One book led to another, and another led to approximately 45 books on Dorothy Day. Anne Haines, who serves as the Executive Director/Episcopal Representative at Urban Initiative Milwaukee, remembers almost an insatiable desire to learn all she could about the woman, who, with Peter Maurin, founded The Catholic Worker Movement amid the Great Depression. Becoming involved with the movement has tugged at Haines’s heart since her early 20s.
“I spent some time as a volunteer at Casa Maria Catholic Worker in the 1980s,” Haines said. “However, I was a single mom with a 2-year-old, and I did not feel it was what was being asked of me at that time. For the next 30 plus years, I was married and raised six children. I read anything I could get my hands on about Dorothy Day and The Catholic Worker Movement. I also wrote my master’s thesis on the prophetic voice of Dorothy Day and visited Catholic Worker Houses in Los Angeles, San Antonio, San Francisco and even the ‘motherhouse’ in New York.”
When the Capuchin Franciscans offered St. Conrad Friary on Second and Burleigh to Haines as a home for the St. Bakhita Catholic Worker House, she would realize her dreams. The School Sisters of Notre Dame (SSND) built the expansive home for the nuns who taught at the former St. Elizabeth School, currently St. Martin de Porres Parish.
“I am not sure if it is a coincidence, but they are the remarkable women who taught and formed both of my parents and, for a number of years, my older brothers. My parents met, were married, and baptized all of us Haines kids in this beautiful parish that stands next to the future St. Bakhita Catholic Worker House,” Haines said. “I also had my oldest son Jesse baptized in this parish. The SSND work continues at Mount Mary, where a wonderful effort is underway to build housing for both the retired sisters and young single mothers who are attending college.”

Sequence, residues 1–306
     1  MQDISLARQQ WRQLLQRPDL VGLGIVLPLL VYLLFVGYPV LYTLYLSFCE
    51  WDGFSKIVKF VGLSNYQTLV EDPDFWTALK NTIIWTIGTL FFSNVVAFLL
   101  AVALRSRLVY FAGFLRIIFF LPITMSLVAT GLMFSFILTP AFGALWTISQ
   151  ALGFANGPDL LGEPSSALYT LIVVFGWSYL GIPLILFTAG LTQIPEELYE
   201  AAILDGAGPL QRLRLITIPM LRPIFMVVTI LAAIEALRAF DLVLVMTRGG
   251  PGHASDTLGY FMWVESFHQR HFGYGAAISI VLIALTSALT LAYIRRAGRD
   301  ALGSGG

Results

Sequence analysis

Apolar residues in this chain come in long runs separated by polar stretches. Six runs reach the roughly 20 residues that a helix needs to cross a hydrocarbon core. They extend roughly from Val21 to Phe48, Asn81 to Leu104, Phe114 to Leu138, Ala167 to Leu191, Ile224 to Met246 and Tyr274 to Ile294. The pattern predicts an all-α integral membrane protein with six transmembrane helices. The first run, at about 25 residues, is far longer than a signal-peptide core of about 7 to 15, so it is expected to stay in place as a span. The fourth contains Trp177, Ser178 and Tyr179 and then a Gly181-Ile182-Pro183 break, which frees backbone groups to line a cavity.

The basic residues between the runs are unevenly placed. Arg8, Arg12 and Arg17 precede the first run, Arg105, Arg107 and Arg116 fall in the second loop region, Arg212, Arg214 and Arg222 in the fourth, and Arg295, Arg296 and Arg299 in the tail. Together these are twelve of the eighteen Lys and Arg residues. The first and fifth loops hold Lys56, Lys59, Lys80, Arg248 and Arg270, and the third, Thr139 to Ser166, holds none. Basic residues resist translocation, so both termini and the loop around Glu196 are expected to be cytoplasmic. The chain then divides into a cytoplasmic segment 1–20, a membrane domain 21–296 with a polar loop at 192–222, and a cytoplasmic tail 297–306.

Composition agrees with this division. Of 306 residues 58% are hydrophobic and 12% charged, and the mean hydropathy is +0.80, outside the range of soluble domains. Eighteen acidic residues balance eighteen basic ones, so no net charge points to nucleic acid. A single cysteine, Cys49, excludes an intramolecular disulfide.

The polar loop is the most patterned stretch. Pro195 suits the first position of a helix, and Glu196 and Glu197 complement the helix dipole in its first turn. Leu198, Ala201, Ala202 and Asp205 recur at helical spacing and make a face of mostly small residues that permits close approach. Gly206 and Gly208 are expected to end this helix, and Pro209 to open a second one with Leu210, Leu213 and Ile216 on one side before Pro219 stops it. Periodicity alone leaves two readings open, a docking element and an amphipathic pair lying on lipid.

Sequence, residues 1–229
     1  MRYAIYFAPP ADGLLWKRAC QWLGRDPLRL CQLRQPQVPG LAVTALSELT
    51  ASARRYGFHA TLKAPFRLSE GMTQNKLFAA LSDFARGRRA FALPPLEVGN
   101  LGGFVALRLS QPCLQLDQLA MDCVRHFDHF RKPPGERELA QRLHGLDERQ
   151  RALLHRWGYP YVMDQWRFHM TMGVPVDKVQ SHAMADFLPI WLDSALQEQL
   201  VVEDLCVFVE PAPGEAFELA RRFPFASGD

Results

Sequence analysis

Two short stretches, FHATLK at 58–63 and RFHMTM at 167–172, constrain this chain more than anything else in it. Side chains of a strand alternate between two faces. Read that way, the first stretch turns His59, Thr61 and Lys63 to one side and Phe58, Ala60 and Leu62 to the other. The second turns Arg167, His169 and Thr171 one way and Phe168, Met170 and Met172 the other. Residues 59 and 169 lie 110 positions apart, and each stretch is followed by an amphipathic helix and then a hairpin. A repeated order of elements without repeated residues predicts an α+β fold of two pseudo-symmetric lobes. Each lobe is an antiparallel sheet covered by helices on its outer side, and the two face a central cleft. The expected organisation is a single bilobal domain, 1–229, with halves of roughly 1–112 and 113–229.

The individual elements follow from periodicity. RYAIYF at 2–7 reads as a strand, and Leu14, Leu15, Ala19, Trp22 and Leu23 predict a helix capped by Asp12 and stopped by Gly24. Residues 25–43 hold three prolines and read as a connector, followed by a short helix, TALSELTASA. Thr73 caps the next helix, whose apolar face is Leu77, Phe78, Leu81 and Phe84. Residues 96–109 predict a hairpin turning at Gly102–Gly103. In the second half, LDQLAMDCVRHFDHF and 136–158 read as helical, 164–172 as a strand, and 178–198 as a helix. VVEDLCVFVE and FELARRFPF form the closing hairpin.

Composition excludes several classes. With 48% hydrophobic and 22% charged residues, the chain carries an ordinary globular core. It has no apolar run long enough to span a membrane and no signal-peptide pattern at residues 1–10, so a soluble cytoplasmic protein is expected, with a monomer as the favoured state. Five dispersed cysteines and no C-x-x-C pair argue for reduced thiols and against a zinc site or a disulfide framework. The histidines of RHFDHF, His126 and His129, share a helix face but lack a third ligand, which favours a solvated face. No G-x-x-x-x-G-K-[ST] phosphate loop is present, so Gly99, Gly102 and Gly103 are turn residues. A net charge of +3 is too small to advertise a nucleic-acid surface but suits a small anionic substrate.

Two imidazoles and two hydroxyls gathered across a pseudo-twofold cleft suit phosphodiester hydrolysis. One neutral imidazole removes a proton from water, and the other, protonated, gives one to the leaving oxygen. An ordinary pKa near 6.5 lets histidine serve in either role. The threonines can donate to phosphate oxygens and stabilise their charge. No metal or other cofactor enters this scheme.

The Capuchins acquired the home from the SSND to use for offices, a house and formation for 50 years. Their desire to keep the Catholic presence alive in the city is why Haines said they offered St. Conrad Friary to the St. Bakhita Catholic Worker House.
St. Bakhita CWH already achieved its nonprofit status and formed a board that includes John Cary, who led the MACC fund for more than 35 years; Mary Sumlin Leach, who is the associate director of the Franciscan Peacemakers; Holly Ryan, who helped launch the Ozaukee County Jail Literacy program and is president of the Christ Child Society; and Frank Miller, who taught at Alverno and whose father served as Dorothy Day’s biographer.
As St. Bakhita is the patron saint of human trafficking and slavery, Haines said they are partnering with the Franciscan Peacemakers and their Clare Housing initiative to provide rooms for the women they bring to the program. Hospitality for the women of Clare Community who are survivors of sexual exploitation is a large part of the St. Bakhita mission. Haines added it made sense to dedicate the Catholic Worker House to this saint, as they are located in an area rife with human trafficking and exploitation. Choosing a saint who reflects this mission is logical to Haines.